Here is what prompted State Sen. Mark Leno, D-San Francisco, to come up with a resolution, introduced today, calling on the state's public pension funds to cease investing in Russia on account of its "homosexual propaganda" law ... - San Francisco Chronicle

Federal Workers Try New Ways to Protest the Sequester
When furloughs of the federal workforce hit earlier this year, some government workers grumbled or headed to a local bar. - Wall Street Journal

Oklahoma state regents gave employees 5 percent raise
While state workers await the outcome of a compensation study to see if raises will be forthcoming, the Oklahoma State Regents last month quietly gave a 5 percent increase to employees. - Tulsa World

Big Minn. State Workers Union Ratifies Contract
Two labor unions representing thousands of Minnesota state employees have ratified new contracts that include across-the-board raises but higher health insurance contributions from workers. - Associated Press/WCCO Minnesota

Want more? For stories of interest to state employees, check out the State Worker's constantly updated News & Views feed by clicking here.

Follow @TheStateWorker on Twitter and check out our community page on Facebook for links, comments and insights into our reports, blog posts and columns.

August 12, 2013
California Controller John Chiang's response to critical report

In a battle of dueling reports, State Controller John Chiang's office has released what it's calling "a preliminary internal review" of the twice-failed payroll overhaul program that shut down in February after 10 years and a quarter-million dollars spent.

The controller's assessment counters a damning review by the Senate Office of Oversight and Outcomes that says the state couldn't manage the project, lacked the wherewithal to change an ossified bureaucratic culture and fed glowing reports to the Legislature even as the program was in crisis.

The report from Chiang's office blames the structure of the contract with the vendor, inadequate state procurement law at the time and a host of testing and communication failures by that vendor, SAP.

"The SCO believes SAP failed because it was not committed to the same objectives as the State," the report says.

Chiang spokesman Jacob Roper sent an email with the report, citing dozens of occasions in the last few years that department staff met with lawmakers and state oversight agencies about the project.

The Senate report's characterization that staff hid the project's struggles "appears to be driven by the report's over-reliance on the SCO quarterly reports," Roper said in the email, "without taking into account other forms of information sharing that were constantly and regularly taking place between the Legislature and the SCO."

Chiang has said he supports an independent review of the project.

August 12, 2013
California payroll overhaul vexed by complexity, poor oversight

20111102_ha_JoHN_CHIANG0365-AMEZCUA.JPGController John Chiang's office spun an upbeat message about efforts to overhaul the state's aging payroll system for years, while behind the scenes the massive IT project was in disarray, according to a new state analysis released this morning.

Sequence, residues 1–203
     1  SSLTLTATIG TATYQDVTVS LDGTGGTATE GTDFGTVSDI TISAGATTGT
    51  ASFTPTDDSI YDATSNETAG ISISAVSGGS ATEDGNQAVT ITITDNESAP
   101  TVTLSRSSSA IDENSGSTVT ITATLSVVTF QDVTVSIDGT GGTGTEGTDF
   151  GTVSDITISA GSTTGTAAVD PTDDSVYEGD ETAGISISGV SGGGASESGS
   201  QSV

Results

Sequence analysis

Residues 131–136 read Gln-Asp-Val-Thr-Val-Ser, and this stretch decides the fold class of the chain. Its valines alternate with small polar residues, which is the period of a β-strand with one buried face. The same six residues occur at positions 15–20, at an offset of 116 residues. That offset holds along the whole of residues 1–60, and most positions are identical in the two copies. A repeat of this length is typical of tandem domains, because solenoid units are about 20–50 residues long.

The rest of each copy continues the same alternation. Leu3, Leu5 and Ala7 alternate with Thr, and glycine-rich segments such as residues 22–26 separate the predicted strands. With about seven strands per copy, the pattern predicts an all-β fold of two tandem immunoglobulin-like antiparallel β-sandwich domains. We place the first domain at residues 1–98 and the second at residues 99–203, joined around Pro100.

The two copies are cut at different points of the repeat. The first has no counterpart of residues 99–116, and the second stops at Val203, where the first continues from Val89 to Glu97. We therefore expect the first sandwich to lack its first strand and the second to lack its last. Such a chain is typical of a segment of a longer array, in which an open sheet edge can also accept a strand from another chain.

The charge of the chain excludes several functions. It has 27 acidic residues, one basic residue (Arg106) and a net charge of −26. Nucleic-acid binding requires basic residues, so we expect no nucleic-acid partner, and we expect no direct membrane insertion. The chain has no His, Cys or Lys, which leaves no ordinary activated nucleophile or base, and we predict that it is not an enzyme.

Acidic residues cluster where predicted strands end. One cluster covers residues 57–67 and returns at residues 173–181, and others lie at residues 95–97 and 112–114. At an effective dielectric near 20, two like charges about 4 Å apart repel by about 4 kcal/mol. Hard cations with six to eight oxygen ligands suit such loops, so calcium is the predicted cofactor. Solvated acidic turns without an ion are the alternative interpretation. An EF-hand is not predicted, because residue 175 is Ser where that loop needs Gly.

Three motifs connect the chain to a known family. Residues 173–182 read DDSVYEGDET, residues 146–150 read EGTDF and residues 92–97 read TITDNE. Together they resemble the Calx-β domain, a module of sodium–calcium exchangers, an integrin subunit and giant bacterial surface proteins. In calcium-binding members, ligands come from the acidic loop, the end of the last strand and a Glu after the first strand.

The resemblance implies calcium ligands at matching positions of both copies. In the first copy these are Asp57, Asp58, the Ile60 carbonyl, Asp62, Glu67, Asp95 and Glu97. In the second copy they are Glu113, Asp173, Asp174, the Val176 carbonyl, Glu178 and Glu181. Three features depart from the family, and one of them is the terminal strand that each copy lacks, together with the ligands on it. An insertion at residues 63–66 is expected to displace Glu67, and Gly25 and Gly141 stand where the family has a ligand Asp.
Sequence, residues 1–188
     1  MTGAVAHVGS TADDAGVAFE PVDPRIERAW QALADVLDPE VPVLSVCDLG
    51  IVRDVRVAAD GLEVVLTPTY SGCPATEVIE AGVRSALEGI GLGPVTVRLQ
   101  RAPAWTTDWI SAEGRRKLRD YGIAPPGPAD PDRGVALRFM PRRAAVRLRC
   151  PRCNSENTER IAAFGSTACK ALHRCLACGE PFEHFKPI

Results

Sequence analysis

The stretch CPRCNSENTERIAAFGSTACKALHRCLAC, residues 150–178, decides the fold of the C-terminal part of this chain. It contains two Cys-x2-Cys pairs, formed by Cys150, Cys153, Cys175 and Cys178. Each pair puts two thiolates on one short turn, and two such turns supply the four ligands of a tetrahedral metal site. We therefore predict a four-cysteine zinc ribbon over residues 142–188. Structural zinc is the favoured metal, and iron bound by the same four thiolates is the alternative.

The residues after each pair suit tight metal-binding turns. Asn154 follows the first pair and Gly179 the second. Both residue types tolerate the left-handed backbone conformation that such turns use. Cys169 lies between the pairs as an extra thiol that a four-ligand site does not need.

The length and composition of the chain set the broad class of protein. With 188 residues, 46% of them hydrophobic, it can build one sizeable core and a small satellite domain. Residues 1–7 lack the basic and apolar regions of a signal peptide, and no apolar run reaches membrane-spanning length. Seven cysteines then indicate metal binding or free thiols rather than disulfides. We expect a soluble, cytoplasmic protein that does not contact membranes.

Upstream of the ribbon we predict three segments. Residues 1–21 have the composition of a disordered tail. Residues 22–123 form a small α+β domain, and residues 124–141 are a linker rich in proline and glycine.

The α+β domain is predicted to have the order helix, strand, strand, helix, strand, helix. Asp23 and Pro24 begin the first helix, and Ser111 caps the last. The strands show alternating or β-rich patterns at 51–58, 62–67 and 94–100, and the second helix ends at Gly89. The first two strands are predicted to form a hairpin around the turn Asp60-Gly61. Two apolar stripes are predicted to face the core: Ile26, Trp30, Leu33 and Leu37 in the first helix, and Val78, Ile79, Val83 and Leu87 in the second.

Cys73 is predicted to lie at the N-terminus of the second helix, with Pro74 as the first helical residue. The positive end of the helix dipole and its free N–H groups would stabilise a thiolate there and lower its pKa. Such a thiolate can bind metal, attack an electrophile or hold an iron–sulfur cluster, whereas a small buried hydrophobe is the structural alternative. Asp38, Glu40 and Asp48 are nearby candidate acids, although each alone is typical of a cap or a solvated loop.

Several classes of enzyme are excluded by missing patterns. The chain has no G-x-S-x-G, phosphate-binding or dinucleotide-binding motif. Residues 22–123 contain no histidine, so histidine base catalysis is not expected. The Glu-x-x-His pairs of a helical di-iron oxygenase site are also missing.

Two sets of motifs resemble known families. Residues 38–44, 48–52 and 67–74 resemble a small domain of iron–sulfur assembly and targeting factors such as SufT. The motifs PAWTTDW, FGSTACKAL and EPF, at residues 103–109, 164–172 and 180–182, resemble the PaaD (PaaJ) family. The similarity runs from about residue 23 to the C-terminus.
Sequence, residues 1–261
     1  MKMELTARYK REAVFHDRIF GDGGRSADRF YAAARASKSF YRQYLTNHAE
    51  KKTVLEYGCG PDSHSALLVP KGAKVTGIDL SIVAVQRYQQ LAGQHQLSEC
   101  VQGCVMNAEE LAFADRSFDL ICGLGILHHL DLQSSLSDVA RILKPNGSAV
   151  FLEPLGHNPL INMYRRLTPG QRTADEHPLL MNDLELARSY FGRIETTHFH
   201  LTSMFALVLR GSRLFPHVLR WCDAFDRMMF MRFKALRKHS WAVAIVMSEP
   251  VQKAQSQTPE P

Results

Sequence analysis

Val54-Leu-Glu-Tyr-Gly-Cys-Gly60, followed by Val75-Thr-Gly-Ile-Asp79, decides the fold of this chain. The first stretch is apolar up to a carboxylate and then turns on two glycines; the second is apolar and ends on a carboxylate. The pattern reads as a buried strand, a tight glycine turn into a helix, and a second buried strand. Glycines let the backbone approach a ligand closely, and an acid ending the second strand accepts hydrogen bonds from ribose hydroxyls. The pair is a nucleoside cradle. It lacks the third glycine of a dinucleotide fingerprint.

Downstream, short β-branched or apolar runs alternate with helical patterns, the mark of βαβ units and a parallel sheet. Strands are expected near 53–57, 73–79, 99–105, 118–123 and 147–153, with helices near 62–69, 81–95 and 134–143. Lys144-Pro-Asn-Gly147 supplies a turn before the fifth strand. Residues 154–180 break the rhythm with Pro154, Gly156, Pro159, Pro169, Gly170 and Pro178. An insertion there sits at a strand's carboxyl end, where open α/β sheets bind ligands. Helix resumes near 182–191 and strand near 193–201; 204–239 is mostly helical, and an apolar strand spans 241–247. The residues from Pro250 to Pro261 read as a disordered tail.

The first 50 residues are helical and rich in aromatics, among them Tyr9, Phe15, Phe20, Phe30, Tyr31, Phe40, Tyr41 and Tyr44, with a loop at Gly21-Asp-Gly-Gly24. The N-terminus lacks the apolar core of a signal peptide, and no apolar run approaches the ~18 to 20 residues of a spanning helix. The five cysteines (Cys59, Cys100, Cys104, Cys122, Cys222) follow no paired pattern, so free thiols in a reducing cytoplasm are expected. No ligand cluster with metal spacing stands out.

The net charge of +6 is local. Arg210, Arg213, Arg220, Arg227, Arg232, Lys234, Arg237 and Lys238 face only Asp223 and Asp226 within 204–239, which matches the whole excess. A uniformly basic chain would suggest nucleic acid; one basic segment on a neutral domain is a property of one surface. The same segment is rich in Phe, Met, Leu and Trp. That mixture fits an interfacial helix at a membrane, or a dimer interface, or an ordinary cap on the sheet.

The report by the Senate Office of Oversight and Outcomes this morning concludes that officials running the now-defunct 21st Century/MyCalPays project kept pouring money into the program despite clear and early warnings from insiders that the program was foundering on many levels:

"These basic, core problems included the state's payroll complexity, data conversion, staff vacancies, organizational change management (the process of teaching and selling the new system to existing staff), the absence of a quality assurance team, and an inability to stay on schedule ..."

The report is the first official public post-mortem on the 10-year, quarter-billion-dollar twice-failed effort to modernize the state's payroll system. Chiang inherited the project from his predecessor, former State Controller Steve Westly.

Senate investigators examined the program from the state management side and concluded that cultural resistance to change also hampered the project. For example, some departments -- "CalFire, the State Water Resources Control Board, Caltrans and, surprisingly, the California Technology Agency" - fell behind schedule for adopting the payroll management system, the report notes.

Meanwhile official updates to the Legislature "often lacked candor, sugar-coating some problems and ignoring others. This failure to be transparent compromised legislative oversight and stymied accountability."

A message left with Chiang's office was not immediately returned this morning.

The oversight report's release comes ahead of a Thursday hearing that Sen. Richard Roth's Budget and Fiscal Review Subcommittee will be conducting on the 21st Century Project.

August 9, 2013
California state health professionals union reaches labor deal

Jerry_Brown_HJA3698.JPGGov. Jerry Brown and the union representing state health and social services workers have reached a tentative agreement that includes an 8 percent raise for two job classifications, a 3 percent increase for the rest and assurances that the state will consider further hikes for a a handful of jobs.

The deal with AFSCME Local 2620, like contracts recently negotiated with SEIU Local 1000 and the state psychiatric technicians' union, covers three fiscal years ending July 2016.